IT Spending: Deja Vu All Over Again

When it comes to IT budgets, CIOs are preparing to do more with less -- again. Is this a blip, or a return to the bad old days of IT penny pinching?

John Soat, Contributor

December 10, 2007

2 Min Read

When it comes to IT budgets, CIOs are preparing to do more with less -- again. Is this a blip, or a return to the bad old days of IT penny pinching?Remember 2001, 2002, 2003? Most CIOs would rather not. That was when IT became a cost to control, rather than an innovation engine to invest in. Now there are signs that that limited view of IT may be returning.

Last week IDC published a report that predicted IT spending growth will slow next year. According to a news story by my colleague, K.C. Jones, that slowdown coincides with an increase of interest in Web 2.0 technologies.

The analyst firm is predicting global IT market growth for 2008 at 5.5% to 6%, down from 6.9% this year. The market intelligence group released "IDC Predictions 2008: The Hyper-Disrupted IT Industry Takes Root." It states that 2008 will begin a "post disruption" era in the IT marketplace.

Hyper-disrupted or not, that prediction of slower growth in the IT markets is of a piece with the results of two recent surveys of CIOs and business execs, both of which indicate more people are looking at less to work with next year in terms of IT budgets.

In the most recent survey by the Society for Information Management, less than half of 130 CIOs and IT managers who responded (49%) predict their IT budgets will be larger next year than this year. Almost a third (30%) say their budgets will stay the same, and 21% say they'll have less IT dollars next year. In comparison, 61% say their 2007 IT budgets were greater than their 2006 budgets, 17% say they were the same, and 22% say they got less this year than last.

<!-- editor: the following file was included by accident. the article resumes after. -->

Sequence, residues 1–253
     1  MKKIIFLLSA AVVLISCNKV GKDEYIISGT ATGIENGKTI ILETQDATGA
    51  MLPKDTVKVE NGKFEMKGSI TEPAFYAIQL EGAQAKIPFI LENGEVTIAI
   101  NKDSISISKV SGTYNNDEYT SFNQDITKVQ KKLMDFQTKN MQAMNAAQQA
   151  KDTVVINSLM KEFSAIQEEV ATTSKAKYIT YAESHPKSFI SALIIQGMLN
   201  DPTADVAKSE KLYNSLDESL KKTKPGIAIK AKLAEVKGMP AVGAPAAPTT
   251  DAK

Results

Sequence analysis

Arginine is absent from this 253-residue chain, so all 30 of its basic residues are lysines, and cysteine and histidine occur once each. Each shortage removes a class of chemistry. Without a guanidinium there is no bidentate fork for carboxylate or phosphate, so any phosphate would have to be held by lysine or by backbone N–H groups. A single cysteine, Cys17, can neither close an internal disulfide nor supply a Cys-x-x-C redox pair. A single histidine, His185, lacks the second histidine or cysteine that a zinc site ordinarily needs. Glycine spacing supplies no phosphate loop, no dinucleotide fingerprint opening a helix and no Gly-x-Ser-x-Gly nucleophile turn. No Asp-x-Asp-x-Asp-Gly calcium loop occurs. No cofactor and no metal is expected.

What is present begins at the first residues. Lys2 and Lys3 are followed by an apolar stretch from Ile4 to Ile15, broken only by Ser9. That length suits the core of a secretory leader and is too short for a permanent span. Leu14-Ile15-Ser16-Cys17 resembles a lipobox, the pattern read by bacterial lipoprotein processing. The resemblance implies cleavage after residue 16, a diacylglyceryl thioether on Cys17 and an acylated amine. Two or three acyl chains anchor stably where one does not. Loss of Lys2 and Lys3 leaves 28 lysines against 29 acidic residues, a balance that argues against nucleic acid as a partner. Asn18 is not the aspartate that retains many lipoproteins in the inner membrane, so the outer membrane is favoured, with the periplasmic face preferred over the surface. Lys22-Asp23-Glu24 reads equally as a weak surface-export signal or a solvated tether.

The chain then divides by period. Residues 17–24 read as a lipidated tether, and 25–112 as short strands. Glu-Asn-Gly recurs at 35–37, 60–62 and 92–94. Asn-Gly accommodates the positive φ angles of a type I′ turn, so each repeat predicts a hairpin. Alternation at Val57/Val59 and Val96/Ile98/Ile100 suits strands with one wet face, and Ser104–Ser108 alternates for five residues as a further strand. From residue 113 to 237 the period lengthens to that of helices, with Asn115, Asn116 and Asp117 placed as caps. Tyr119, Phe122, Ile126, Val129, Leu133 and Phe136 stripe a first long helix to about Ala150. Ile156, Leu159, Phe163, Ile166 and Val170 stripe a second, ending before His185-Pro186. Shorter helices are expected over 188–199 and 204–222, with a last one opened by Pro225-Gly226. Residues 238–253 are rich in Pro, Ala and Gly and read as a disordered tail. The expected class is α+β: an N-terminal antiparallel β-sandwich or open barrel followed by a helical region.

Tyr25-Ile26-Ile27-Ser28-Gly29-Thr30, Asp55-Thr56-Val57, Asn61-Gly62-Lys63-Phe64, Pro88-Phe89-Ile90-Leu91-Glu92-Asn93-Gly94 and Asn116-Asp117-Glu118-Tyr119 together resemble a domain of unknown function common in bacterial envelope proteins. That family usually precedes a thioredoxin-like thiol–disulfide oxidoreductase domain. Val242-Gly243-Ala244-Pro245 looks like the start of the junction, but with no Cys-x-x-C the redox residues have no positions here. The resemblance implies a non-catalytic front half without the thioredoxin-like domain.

InformationWeek's recently completed CIO Effectiveness Survey 2007 had almost identical results. Of the 724 CIOs, CXOs, IT staffers, and line-of-business managers who participated, 49% say they expect their IT budgets to increase next year, 28% expect them to stay the same, and 16% expect them to decrease (7% don't know).

That sure sounds like a pullback in IT spending. But what does it mean? Is it due to the increasing influence of "disruptive" Web 2.0 technologies, like online software services? Is it another round of "IT Doesn't Matter" thinking pervading the executive offices? Or is it a simple matter of belt-tightening in anticipation of a recession?

What do you think? Is your 2008 IT budget larger or smaller than this year's? And why?

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